There were a number of rebellions in both Upper and Lower Canada in 1837.

Lower Canada
Rampant French Canadian Nationalism caused the rebellions in Lower Canada. The French Canadians wanted more power from the anglophones and church, both of whom controlled the province. Inspired by the American Revolution, they wanted the right to spend their tax revenues as they saw fit, in the colony. As well they were becoming threatened by an influx of Anglo emigrants. The French members of the assembly finally refused to vote, causing a virtual shutdown of all public services. The francophones started holding mass rallies in support of independence, and talk of violence became common, and a real possibility. In the country there was widespread civil unrest, and anglophone and francophone groups were clashing in the streets of the cities. The British sent in troops to quell the disturbances, and despite brave resistance, the movement was crushed. A few leaders and Patriotes escaped to the United States, and with American support tried to mount a second rebellion in 1838. They were less organized than before, and were crushed within a week.
Upper Canada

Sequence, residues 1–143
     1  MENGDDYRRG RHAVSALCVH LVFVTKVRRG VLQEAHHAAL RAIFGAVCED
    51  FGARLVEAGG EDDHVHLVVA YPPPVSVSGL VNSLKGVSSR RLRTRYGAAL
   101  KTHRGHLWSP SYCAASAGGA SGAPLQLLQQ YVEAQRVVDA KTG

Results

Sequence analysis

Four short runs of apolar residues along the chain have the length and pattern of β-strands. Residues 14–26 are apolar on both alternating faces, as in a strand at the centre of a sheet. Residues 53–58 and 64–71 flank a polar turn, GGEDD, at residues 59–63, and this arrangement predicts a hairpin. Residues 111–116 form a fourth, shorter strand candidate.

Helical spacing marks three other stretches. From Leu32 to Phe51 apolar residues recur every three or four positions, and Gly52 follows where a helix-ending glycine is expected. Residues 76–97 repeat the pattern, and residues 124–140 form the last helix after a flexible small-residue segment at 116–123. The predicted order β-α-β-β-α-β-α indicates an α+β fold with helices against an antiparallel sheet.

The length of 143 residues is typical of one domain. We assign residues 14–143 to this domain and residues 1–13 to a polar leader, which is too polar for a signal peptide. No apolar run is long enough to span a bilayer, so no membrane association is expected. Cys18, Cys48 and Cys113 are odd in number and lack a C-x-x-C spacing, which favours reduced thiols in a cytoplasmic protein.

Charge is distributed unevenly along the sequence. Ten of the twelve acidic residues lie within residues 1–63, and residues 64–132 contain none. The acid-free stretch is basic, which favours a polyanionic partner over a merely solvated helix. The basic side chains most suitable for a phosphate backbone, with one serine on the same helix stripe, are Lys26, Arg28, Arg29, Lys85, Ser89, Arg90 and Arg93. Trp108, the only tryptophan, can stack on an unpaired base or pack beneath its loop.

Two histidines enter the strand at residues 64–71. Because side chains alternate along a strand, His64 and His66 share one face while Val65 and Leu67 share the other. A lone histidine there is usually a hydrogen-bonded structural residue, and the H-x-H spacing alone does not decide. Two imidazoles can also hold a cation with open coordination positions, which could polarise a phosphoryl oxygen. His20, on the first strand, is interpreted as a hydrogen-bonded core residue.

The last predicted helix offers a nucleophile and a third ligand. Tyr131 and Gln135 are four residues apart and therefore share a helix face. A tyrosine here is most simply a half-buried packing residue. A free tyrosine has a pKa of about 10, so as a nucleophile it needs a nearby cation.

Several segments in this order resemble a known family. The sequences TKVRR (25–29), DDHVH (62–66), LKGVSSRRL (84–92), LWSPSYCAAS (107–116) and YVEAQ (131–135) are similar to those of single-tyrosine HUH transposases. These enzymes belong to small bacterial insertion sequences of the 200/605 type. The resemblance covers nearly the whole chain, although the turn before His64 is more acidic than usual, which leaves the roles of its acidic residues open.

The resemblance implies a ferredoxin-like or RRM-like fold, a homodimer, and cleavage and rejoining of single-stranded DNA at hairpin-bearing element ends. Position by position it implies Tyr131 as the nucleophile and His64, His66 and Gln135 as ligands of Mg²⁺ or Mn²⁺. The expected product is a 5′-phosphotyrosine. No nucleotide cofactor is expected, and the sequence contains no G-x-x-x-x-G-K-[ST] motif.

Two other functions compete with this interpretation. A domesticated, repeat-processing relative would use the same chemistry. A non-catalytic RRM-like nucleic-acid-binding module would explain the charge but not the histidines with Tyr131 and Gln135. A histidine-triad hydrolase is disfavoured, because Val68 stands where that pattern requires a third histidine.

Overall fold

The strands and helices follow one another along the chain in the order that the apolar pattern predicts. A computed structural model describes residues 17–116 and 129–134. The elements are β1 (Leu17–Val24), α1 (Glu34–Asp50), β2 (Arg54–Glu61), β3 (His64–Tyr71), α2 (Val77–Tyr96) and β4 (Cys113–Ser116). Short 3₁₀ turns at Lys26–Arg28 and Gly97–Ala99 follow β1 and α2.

The radical arm of the Reform Movement in Upper Canada led the rebellion. The opposition parties were concerned with the patronage policies of those in control of the Assembly. The Reform Party won control of the Assembly in 1828 and 1834. The British Government sent the Lieutenant Governor to appease the Reformers, but all he did was insure that the conservatives won the next election. This caused an extreme division of the Reformers to split off. Between December 5th and the 8th close to 1000 men met at Montgomery's Tavern to bear arms against the British. A few skirmishes ensued, but almost no one was injured. The radicals went to the United States, and with American assistance sent many small, yet bothersome raids into the Canadas. This resulted in even the moderate reformers being persecuted as well as the United States and Britain coming to the verge of war.
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